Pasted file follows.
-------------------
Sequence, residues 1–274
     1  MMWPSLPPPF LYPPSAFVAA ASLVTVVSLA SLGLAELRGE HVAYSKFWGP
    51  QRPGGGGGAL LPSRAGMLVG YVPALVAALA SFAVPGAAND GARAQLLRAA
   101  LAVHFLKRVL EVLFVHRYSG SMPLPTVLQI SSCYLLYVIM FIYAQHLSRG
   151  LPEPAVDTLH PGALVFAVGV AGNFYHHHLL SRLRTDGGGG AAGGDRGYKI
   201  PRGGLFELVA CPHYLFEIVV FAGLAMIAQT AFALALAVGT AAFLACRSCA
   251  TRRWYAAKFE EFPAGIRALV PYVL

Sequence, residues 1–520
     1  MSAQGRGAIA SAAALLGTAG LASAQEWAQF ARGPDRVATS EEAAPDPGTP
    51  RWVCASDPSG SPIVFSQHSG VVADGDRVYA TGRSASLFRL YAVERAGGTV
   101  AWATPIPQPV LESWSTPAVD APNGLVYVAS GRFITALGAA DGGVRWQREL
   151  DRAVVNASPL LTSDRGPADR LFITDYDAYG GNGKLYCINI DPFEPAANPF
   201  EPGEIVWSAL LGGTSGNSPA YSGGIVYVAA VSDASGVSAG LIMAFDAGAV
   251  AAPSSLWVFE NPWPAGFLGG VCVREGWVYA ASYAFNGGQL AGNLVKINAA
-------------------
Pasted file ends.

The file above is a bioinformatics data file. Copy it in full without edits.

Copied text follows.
Sequence, residues 1–274
     1  MMWPSLPPPF LYPPSAFVAA ASLVTVVSLA SLGLAELRGE HVAYSKFWGP
    51  QRPGGGGGAL LPSRAGMLVG YVPALVAALA SFAVPGAAND GARAQLLRAA
   101  LAVHFLKRVL EVLFVHRYSG SMPLPTVLQI SSCYLLYVIM FIYAQHLSRG
   151  LPEPAVDTLH PGALVFAVGV AGNFYHHHLL SRLRTDGGGG AAGGDRGYKI
   201  PRGGLFELVA CPHYLFEIVV FAGLAMIAQT AFALALAVGT AAFLACRSCA
   251  TRRWYAAKFE EFPAGIRALV PYVL

Sequence, residues 1–520
     1  MSAQGRGAIA SAAALLGTAG LASAQEWAQF ARGPDRVATS EEAAPDPGTP
    51  RWVCASDPSG SPIVFSQHSG VVADGDRVYA TGRSASLFRL YAVERAGGTV
   101  AWATPIPQPV LESWSTPAVD APNGLVYVAS GRFITALGAA DGGVRWQREL
   151  DRAVVNASPL LTSDRGPADR LFITDYDAYG GNGKLYCINI DPFEPAANPF
   201  EPGEIVWSAL LGGTSGNSPA YSGGIVYVAA VSDASGVSAG LIMAFDAGAV
   251  AAPSSLWVFE NPWPAGFLGG VCVREGWVYA ASYAFNGGQL AGNLVKINAA